Loyola-Chicago became the Cinderella story of the 2018 NCAA tournament by reaching the Final Four as a No. 11 seed.
However, they were actually the fourth No. 11 seed in history to advance to the Final Four, the lowest seeds ever to go that far.
Momentum is real
Picking upsets in first round games is only half the battle. You have to identify the teams that are capable of making a run at the title.
As you weave your way through the later rounds on your NCAA bracket sheets, a little pre-tournament research can help.
The truth is the teams that win in the second, third and fourth round of the NCAA tournament aren’t always the higher seeds. The winners are the teams that are playing the best.
First, identify teams with momentum on their side. There are only a few ways to identify who these teams are likely to be ahead of the NCAA tournament’s first round.
The first is looking around at the most talented teams in the nation and seeing who is actually living up to the hype. Look for teams that earn the top spot in a conference tournament and run away with the tournament itself.
The second is paying attention to the teams that make a big jump up on the coaches and press polls at the end of the regular season. This is where you might find a hot-playing dark horse to back.
Finally, look for the teams that make surprisingly deep runs in conference tournaments. They may not get the seeding love from the NCAA, but they have already proven they can put a few wins together.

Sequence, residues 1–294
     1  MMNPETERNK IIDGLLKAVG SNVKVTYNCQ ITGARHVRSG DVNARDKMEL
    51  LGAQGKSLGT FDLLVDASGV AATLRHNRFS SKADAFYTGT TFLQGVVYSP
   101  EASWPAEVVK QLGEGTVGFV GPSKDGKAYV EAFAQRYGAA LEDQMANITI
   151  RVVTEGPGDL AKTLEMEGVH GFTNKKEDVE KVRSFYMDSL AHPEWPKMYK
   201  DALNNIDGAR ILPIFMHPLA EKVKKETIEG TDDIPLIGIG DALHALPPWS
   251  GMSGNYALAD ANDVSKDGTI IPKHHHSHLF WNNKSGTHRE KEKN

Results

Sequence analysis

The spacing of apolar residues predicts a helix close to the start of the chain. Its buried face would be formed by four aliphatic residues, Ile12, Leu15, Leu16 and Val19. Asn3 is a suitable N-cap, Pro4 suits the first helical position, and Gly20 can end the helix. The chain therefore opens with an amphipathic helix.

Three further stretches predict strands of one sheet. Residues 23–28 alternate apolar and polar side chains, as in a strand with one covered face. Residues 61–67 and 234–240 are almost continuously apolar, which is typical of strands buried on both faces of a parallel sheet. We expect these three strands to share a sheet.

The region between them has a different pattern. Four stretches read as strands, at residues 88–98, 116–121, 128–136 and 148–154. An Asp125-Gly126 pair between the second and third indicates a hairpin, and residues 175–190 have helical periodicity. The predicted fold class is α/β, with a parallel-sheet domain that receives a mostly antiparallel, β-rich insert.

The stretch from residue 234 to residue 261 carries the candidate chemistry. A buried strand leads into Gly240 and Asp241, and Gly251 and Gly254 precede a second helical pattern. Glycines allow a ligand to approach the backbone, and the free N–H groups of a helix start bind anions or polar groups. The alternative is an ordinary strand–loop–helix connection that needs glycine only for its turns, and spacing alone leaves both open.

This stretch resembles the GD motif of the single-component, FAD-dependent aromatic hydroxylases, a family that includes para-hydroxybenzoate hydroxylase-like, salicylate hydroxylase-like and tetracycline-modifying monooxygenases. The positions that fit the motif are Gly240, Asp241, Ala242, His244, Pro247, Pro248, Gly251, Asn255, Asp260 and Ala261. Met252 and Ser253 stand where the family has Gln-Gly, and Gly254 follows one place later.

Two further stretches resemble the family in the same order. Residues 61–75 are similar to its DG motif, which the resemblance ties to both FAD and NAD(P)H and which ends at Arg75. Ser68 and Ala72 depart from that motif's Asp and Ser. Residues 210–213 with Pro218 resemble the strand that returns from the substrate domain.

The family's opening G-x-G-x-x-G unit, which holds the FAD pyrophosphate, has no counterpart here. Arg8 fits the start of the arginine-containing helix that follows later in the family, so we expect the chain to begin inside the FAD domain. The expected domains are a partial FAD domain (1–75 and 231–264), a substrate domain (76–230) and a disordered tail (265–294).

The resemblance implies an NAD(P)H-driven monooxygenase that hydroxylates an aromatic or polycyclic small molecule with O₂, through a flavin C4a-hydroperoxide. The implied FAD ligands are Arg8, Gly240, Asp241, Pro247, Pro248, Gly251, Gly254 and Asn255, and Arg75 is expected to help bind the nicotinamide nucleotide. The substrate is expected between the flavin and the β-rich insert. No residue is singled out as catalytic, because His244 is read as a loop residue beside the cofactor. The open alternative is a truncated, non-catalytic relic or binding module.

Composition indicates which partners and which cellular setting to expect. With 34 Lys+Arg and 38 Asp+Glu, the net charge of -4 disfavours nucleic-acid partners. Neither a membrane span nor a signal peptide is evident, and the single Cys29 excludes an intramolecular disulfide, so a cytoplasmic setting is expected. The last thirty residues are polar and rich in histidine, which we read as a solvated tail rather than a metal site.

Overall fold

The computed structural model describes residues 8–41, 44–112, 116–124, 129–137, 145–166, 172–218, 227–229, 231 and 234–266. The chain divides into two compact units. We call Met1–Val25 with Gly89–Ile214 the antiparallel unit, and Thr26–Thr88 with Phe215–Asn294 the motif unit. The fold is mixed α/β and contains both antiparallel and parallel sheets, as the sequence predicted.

The NCAA selection committee knows what it’s doing
While there are always upsets and surprises throughout the tournament, The NCAA selection committee does know what it’s doing when it comes to seeding. Nothing proves this more than the Final Four.
The fact is, the higher-seeded team wins close to 75 percent of the time in the Final Four.
After you’ve done your picks through the first four rounds of the NCAA tournament, and the names of just four teams remain on your bracket, remind yourself of where the NCAA selection committee originally seeded these teams.
Then, be very careful before you pick an underdog to go to the Championship game.
No. 1 seeds win it all a majority of the time
Yes, there are upsets. The top seeds don’t always win. There have been National Championship winners who surprised everybody even to make the final game, let alone win it.
However, in the 34 years since the NCAA tournament was expanded to 64 teams, a No. 1 seed has won it all a majority of the time. Twenty-one out of 34 to be exact.
No. 2s have come through five times in that span and No. 3s four times. A No. 4 seed won it once, and although no No. 5 seed has ever won, a No. 6 and No. 7 seed have each won it once as well.
Finally, the lowest seed ever to win the NCAA tournament was the No. 8 seeded 1985 Villanova Wildcats.
Of course, this is just a long-winded way of saying don’t second guess yourself if your bracket has a top seed winning it all. It happens almost every year.
Bet on March Madness games
Maybe your bracket isn’t working out, or you just can’t be bothered with picking all 63 games before the tournament begins. Either way, you can still enjoy three weeks of betting on US college basketball at NJ sportsbooks and NJ gambling websites, online and off.
NJ sportsbooks are going to have moneyline, spread and totals lines you can bet on for every NCAA tournament game that doesn’t include a NJ-based team.
Plus, using NJ casino mobile apps, you can bet futures on who will win the title, and put together March Madness parlays to give yourself a bit of an odds boost without having to pick all 63 games.
Get in on all this March Madness action at any of the NJ online sportsbooks on this list:
|Sports Betting Partner(s)
|William Hill NJ